Brexit would put off international students, survey shows

Loss of fee income if Britain leaves EU could be worth £700 million a year, claims new report

May 17, 2016
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Obstacles to study: survey suggests that the UK would be much less attractive to international students after Brexit

Nearly 50 per cent of international students would not view the UK as an attractive place to study if the upcoming European Union referendum resulted in Brexit, a new study has found.

As part of their annual International Student Survey, student recruitment and retention solutions company Hobsons sent an additional survey to more than 10,000 overseas students to gauge attitudes towards Britain leaving the EU.

Of the 1,763 responses, 47 per cent said that they would find the UK less attractive if it were to leave the EU. Nearly a fifth of respondents (17 per cent) thought it would make the UK more attractive, while 13 per cent did not know.


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However, when broken down further into EU and non-EU respondents, the results were even starker. More than 80 per cent of EU international students said they would find the UK less attractive while 35 per cent of non-EU students agreed.

Applying the study’s results to statistics from the Higher Education Statistics Agency of the origins of international students in the UK in 2014-15, the survey said more than 100,000 students could be "at risk" of being put off studying at a British university.

In terms of the three largest groups of international students coming to the UK – from China, India and the US – the figures suggest that more than 20,000 Chinese students and 4,500 from both India and the US were at risk of being dissuaded from studying in the UK.

A conservative estimate of the cost of lost fee income from the 35 per cent of non-EU international students would exceed £690 million a year, while the wider economic impact would be far higher, the report warns.

The concerns over international students’ right to remain in the UK after studying were also thrown into the spotlight by the global survey.

Of the 43,919 overall respondents, about 47 per cent planned to stay in the country in which they studied for a period after completing studies. Fifteen per cent said they wanted to migrate permanently, while 32 per cent said they planned to stay temporarily in their destination country on a post-study work visa.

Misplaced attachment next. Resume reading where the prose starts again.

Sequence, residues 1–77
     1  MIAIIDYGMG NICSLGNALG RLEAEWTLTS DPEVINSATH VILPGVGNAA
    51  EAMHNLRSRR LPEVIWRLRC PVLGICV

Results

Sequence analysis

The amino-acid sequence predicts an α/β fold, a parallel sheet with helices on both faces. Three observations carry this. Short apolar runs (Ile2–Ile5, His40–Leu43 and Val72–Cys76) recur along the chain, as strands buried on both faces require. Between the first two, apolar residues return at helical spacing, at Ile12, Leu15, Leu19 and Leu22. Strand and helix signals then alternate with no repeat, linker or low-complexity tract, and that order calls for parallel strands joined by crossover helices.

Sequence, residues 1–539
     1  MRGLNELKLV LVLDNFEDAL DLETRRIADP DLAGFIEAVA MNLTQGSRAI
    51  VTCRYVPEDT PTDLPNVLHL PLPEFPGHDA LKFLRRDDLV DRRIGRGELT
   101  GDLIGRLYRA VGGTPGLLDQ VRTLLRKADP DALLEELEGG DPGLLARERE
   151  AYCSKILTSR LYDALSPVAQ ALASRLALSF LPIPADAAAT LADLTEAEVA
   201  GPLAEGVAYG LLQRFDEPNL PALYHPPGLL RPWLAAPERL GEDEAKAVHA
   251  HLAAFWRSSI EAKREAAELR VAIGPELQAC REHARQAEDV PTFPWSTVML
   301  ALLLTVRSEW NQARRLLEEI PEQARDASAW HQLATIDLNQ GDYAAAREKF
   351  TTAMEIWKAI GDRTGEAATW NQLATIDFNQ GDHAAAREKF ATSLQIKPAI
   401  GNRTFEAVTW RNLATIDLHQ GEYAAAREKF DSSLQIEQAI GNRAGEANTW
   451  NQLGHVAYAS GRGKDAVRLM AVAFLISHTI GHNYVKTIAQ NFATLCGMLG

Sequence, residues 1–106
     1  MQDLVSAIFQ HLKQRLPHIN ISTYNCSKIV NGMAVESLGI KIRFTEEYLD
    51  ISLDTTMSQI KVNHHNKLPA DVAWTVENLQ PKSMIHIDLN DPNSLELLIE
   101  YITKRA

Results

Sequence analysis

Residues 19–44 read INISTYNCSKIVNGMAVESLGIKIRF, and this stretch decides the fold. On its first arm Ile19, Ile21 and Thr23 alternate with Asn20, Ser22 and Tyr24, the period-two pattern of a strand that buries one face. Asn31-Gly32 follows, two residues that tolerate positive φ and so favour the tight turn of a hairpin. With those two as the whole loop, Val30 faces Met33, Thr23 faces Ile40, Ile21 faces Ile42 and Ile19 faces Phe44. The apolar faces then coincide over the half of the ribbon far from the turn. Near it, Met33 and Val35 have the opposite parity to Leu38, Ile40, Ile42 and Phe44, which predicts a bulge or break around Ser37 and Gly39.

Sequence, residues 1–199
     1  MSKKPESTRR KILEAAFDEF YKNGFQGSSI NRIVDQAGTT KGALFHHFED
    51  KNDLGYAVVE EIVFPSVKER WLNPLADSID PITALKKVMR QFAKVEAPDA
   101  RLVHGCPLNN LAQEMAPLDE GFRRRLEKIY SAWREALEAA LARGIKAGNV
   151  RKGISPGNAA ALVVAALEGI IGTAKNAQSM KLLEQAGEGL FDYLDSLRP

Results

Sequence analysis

Jeremy Cooper, managing director of Hobsons EMEA, said that the findings showed that universities "must become more understanding and responsive to what students want from their investment in higher education".

"Only a truly competitive international recruitment strategy can identify the unique and specific demands that each prospective student has and address these by matching them to the value that the university can offer," he added.

john.elmes@tesglobal.com

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Reader's comments (2)

I'll preface this by declaring myself on the side of the #strongerin campaign. But dealing with international students on a daily basis I can assure you that not one of them has ever asked about or voiced concerns over a potential Brexit. Most want to know about post-study work and getting Tier 2 sponsorship. Comes up as afterthought in this post / survey. I'll go as far as to predict that, should the UK exit the EU but bring back post-study work visas, it will see a significant boost to its international recruitment figures and reputation as a study abroad destination.
It's interesting how Jeremy Cooper stated that Universities "must become more understanding and responsive to what students want from their investment in higher education". It seems, according to the survey's results, that the government should also do so as what most foreign students want is a chance to stay in the country for a work experience after their degree (e.g., post-study work VISA). I think that Brexit will cause many EU students (a large slice of that 47% if not more, I would predict) to migrate elsewhere in Europe or, it will increase the appeal of non-EU destinations such the USA and Australia, which offer incredibly higher value for the cost of fees, and more chances to obtain of post-degree employment and a work VISA. Many EU countries already enjoy a higher education system far superior to the UK (and massively cheaper, even for foreigners) and a lower cost of life. I am a EU migrant to the UK and after spending a few years here, working in HE, I would definitely advice foreign students to go elsewhere, if asked, even now that Britain is still "in". The "true" standards of HE in the UK are incredibly low, sometimes lower than what is taught in secondary schools elsewhere in Europe, and costs are unreasonably high. UK Universities, with very few exceptions have poor infrastructure for students compared to US, Australia, and some countries in Northern Europe (not too mention some Universities in Asia, admittedly not an experience for everyone). A plethora of rules, paperwork, procedures, and the obsession for assessment/cross-assessment makes student and academic life - frankly - pretty miserable. All this is what UK Universities need to rethink to attract foreign students in the future.

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